Throughout his second year, your toddler will learn to communicate with you with gestures and words. He does this to get desired objects, request actions and draw your attention to something interesting. He should be making friends and playing along side them (parallel play). He will probably be learning to share (now and over the next few years!) and learning to accept it when you say "no." Independence is a skill that is beginning to be developed and you will probably hear a lot of "no, mine!" or "I do it!"

Between the ages of 2 and 3, your child will learn to show affection, understand to a minor extent the feelings of others and have a few special friends.

After the age of 3, your child will be sharing, beginning to respect the property of others and using his words (instead of getting physical) to communicate with peers.

By preschool children should use basic manners, understand and appreciate differences in others and problem solve with peers.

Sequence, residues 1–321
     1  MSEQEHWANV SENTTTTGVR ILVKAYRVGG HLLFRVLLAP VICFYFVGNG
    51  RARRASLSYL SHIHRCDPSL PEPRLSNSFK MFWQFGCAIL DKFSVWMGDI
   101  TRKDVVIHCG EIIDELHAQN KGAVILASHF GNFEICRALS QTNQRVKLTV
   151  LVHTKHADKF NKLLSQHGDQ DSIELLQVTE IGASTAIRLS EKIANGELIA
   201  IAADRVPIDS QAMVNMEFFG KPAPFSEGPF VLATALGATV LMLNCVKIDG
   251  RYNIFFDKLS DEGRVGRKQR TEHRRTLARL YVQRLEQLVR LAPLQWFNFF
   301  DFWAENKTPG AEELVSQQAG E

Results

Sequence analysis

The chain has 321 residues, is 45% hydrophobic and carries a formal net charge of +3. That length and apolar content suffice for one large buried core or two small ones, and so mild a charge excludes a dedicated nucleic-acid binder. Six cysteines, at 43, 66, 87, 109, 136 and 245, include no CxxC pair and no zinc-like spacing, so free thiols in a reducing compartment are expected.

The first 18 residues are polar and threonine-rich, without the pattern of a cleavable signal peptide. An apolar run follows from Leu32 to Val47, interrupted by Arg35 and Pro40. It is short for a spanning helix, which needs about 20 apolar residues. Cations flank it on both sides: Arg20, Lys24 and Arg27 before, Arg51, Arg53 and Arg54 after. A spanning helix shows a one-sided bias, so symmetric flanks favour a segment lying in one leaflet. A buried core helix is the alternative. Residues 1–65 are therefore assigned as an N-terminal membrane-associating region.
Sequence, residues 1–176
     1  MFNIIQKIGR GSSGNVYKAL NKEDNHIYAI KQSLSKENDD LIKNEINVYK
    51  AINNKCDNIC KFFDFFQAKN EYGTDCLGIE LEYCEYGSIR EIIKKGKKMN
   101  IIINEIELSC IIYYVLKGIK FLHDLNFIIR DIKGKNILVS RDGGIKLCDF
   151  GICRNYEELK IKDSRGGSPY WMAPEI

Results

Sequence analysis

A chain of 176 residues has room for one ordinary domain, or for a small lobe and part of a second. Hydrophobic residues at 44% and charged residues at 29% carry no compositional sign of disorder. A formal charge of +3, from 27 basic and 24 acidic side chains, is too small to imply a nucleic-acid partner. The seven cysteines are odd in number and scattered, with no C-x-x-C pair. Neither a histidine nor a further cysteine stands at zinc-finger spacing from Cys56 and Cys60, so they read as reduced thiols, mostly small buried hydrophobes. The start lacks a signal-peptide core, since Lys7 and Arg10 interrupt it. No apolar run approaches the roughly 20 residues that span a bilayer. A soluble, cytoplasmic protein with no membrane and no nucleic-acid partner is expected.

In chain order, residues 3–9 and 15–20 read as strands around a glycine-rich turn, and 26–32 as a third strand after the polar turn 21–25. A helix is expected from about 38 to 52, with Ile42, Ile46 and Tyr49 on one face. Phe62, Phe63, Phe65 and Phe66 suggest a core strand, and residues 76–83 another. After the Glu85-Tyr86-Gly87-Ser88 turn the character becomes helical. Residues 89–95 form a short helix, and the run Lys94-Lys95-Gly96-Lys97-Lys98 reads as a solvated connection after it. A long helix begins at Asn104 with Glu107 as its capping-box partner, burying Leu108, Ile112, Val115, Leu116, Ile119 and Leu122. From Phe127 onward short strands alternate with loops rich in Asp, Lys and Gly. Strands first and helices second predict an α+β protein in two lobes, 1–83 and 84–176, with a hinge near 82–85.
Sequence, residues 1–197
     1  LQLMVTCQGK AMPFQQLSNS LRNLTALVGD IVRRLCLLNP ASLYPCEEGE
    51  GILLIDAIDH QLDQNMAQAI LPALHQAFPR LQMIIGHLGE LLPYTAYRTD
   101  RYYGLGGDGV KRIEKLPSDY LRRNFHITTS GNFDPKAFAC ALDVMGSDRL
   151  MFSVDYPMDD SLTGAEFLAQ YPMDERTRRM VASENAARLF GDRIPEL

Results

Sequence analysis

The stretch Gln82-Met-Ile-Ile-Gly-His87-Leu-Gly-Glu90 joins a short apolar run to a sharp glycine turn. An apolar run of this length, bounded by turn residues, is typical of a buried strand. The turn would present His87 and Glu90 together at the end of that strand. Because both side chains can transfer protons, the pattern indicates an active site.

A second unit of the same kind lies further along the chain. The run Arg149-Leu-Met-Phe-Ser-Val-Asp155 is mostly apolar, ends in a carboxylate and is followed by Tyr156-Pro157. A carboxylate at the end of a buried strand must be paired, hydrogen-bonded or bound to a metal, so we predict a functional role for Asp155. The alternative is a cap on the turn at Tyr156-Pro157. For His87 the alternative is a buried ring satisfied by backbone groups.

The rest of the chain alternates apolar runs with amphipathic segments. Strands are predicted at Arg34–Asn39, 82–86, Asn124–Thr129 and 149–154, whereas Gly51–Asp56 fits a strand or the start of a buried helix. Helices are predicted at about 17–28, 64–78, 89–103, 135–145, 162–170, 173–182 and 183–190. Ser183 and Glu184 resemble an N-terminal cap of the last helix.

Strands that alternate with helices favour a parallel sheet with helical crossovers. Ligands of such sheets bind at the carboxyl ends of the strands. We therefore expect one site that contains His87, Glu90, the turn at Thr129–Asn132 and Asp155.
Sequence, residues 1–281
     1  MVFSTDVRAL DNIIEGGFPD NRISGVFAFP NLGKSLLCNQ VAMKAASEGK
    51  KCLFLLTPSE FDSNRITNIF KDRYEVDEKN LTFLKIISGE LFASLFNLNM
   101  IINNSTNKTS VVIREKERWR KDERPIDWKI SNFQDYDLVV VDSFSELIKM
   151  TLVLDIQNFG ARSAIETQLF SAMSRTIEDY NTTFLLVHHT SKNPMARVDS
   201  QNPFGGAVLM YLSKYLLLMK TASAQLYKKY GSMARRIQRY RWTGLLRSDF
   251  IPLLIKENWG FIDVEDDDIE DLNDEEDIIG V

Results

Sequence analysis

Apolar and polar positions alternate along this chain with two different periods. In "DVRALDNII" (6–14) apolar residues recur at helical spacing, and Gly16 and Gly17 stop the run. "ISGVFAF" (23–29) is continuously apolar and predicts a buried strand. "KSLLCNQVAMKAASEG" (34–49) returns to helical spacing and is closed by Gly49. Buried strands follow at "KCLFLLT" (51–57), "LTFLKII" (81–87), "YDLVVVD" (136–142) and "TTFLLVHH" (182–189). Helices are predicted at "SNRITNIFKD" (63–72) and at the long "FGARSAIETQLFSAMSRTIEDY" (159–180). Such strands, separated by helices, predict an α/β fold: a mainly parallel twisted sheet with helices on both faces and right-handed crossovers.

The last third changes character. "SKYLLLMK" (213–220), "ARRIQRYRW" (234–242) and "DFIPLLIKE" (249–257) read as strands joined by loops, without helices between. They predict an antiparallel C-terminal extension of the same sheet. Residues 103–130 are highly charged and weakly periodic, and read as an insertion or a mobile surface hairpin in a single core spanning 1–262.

What can you do at home? 

With very young infants you can make exaggerated facial expressions and simple actions like sticking your tongue out. When your infant attempts to imitate, your pleasure and excitement encourage him to do it again.

Your older baby needs frequent interactions with you and other babies his same age. Play groups are a great place to have these needed interactions. Play lots of social games like peek-a-boo or "where is Mommy? Here I am!" I like to sing a little version of Where is Thumbkin while I am getting Baby W dressed. It goes something like this "Where is W? Where is W? (then when his head pops through his shirt) There he is! There he is! First we'll put your arm through. (put one arm in his shirt). We'll do the other arm, too! (do the other arm) Now, we're dressed! Now, we're dressed!"